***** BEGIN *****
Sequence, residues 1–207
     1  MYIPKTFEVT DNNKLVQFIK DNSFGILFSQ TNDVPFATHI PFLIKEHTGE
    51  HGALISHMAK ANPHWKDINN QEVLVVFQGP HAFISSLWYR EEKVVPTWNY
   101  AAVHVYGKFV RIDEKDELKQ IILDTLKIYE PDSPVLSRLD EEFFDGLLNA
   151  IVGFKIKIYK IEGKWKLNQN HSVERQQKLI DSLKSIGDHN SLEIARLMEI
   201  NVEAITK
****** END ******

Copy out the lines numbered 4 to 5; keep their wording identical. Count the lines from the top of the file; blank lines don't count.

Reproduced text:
   101  AAVHVYGKFV RIDEKDELKQ IILDTLKIYE PDSPVLSRLD EEFFDGLLNA
   151  IVGFKIKIYK IEGKWKLNQN HSVERQQKLI DSLKSIGDHN SLEIARLMEI